The materials include 43 collections and approximately 117,000 pages from ten PACSCL institutions. Although most of the material dates from 1820 to 1920, the project includes materials both earlier and later that add important context. Some are portions of larger collections of papers from organizations that continued well beyond our period; these portions have a thematic or structural unity. In making the selections, the organizers sought to demonstrate the full range of women's rights-related activities. Some collections are primarily suffrage-related, e.g., the papers of Mariana Wright Chapman and the minutes of the Woman Suffrage Society of the County of Philadelphia. Others, like the papers of prominent Philadelphia abolitionist and suffrage advocate Lucretia Mott, demonstrate a range of activist endeavors, including treating African Americans as equals in the Female Anti-Slavery Society. Many collections illustrate women's activities in charitable or social justice issues, such as poor relief, education of women and disadvantaged children, and prison reform. Two medical school collections are of particular interest: the Mercy-Douglass Hospital records at the Bates Nursing Center (part of the pilot project) document African-American women's efforts to attain a professional education in the nineteenth and early twentieth centuries; and the Woman's Medical College records document early efforts of women to become physicians. The organizers sought out collections that illustrate interactions across races, genders. and socio-economic classes and reveal the tensions and innate biases of those encounters. Together, the collections provide a complex and nuanced view of a century of progress in women's activism.
This project builds on an NEH-funded planning grant to survey member collections relating to the efforts of women to assert their rights in the century prior to the ratification of the 19th Amendment, and to develop a prototype interface to expose these collections on a collaborative website. It is led by Temple University Libraries' Special Collections Research Center, the Drexel University College of Medicine Legacy Center, and Swarthmore College and involves seven additional content contributors, listed below. Project participants will digitize and create metadata for their own materials. A project website will harvest OAI-PMH-compliant metadata that will also be DPLA-ready. Participants have paid particular attention to uncovering records by and about women of color, working women, and other marginalized or underrepresented populations.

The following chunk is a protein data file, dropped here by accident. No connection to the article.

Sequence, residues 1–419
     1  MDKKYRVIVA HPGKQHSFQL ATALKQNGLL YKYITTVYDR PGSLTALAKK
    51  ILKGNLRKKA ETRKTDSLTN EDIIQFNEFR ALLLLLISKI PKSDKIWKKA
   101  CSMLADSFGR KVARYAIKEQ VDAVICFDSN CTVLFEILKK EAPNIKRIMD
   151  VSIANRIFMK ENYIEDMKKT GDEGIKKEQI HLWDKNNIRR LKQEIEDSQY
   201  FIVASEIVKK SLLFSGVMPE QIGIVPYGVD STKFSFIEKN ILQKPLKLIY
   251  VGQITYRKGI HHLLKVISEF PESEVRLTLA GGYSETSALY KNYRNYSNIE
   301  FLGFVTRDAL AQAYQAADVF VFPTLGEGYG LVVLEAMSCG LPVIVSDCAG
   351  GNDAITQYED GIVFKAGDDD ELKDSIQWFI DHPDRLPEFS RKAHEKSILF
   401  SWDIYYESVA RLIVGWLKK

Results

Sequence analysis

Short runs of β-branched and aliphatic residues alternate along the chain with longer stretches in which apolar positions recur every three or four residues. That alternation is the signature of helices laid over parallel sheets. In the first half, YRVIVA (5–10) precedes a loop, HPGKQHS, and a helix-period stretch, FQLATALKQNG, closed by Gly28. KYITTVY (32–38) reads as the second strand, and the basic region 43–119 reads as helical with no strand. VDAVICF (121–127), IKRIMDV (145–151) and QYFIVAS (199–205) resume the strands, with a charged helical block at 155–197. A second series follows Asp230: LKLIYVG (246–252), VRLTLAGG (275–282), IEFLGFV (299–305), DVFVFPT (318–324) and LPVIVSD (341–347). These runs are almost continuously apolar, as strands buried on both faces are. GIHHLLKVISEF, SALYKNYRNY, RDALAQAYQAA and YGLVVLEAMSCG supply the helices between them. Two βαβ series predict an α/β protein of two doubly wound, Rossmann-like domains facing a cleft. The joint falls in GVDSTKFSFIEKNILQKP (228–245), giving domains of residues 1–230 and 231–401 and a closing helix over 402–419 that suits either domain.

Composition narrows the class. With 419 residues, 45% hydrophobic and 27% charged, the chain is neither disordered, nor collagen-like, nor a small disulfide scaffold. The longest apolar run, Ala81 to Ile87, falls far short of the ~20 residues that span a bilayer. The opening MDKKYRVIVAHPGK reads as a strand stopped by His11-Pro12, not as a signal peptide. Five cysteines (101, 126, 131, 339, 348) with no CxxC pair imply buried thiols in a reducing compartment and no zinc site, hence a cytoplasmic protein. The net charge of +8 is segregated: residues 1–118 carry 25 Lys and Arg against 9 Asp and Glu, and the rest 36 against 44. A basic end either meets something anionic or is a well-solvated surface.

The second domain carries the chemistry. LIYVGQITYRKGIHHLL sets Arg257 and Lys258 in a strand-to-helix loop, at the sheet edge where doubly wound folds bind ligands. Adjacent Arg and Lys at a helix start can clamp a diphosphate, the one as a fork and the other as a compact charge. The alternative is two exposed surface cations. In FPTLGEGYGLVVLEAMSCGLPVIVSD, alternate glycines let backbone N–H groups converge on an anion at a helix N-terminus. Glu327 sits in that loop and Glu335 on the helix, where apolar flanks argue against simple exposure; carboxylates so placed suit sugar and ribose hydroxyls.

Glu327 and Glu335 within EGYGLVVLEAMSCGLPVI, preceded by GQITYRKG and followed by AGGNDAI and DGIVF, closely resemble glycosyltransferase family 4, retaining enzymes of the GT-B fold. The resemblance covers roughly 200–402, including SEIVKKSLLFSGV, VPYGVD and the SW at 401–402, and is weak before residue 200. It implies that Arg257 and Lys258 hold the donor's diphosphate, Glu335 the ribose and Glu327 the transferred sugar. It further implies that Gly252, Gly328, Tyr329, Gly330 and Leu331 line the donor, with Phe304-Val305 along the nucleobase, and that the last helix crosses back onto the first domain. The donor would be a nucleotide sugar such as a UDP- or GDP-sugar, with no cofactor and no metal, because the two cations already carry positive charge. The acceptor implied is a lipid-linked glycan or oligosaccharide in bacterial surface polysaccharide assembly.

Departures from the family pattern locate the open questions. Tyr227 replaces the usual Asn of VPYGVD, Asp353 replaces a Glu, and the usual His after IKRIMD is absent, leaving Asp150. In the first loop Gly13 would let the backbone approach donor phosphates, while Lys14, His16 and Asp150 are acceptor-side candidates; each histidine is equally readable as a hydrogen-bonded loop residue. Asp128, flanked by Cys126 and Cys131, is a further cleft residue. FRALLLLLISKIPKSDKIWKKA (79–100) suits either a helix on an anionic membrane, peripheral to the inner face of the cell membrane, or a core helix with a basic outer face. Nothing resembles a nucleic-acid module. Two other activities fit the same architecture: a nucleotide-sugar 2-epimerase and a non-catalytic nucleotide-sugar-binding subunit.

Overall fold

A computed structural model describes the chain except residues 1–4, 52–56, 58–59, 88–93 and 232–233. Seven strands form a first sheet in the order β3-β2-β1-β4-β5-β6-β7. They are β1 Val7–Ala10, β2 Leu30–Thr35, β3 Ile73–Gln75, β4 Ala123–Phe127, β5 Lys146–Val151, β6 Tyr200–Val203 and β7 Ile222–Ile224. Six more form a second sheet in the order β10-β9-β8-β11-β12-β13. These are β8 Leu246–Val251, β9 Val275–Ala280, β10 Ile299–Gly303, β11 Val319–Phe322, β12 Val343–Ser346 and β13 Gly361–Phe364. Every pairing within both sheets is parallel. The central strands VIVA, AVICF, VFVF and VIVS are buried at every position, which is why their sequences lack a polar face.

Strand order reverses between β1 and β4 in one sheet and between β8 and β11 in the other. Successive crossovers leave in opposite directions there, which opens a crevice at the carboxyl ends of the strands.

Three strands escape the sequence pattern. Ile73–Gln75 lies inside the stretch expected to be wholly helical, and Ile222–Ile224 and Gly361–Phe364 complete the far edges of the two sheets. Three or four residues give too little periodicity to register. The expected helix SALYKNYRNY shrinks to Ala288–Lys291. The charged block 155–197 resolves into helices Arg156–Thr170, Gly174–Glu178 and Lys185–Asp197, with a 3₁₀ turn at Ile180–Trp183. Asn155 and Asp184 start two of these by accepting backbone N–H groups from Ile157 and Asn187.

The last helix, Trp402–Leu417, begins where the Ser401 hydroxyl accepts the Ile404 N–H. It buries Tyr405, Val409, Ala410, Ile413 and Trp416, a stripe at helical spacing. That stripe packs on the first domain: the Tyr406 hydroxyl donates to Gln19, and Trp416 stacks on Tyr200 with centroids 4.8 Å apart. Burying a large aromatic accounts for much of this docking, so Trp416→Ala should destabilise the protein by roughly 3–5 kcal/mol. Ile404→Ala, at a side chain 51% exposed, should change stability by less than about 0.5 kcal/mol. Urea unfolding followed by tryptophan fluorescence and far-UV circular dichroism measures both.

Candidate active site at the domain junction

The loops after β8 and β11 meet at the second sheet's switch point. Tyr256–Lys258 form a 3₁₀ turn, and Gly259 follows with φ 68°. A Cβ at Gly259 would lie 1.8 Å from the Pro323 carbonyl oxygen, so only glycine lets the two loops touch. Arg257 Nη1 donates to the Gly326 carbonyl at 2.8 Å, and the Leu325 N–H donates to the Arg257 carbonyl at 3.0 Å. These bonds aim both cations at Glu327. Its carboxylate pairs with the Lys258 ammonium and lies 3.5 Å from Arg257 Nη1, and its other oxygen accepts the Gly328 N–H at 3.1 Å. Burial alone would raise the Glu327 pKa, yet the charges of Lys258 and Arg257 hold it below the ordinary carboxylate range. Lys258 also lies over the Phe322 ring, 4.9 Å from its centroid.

Digitizing Hidden Collections
Ms. Margery Sly
Temple University Libraries
Ms. Margaret Graham
Legacy Center, Drexel University College of Medicine
Ms. Celia Caust-Ellenbogen
1820 - 1920
The majority of collections involve women or organizations located in Philadelphia or southeastern Pennsylvania; with additional collections from the mid·Atlantic states and New England. These women worked locally. regionally, nationally, and internationally.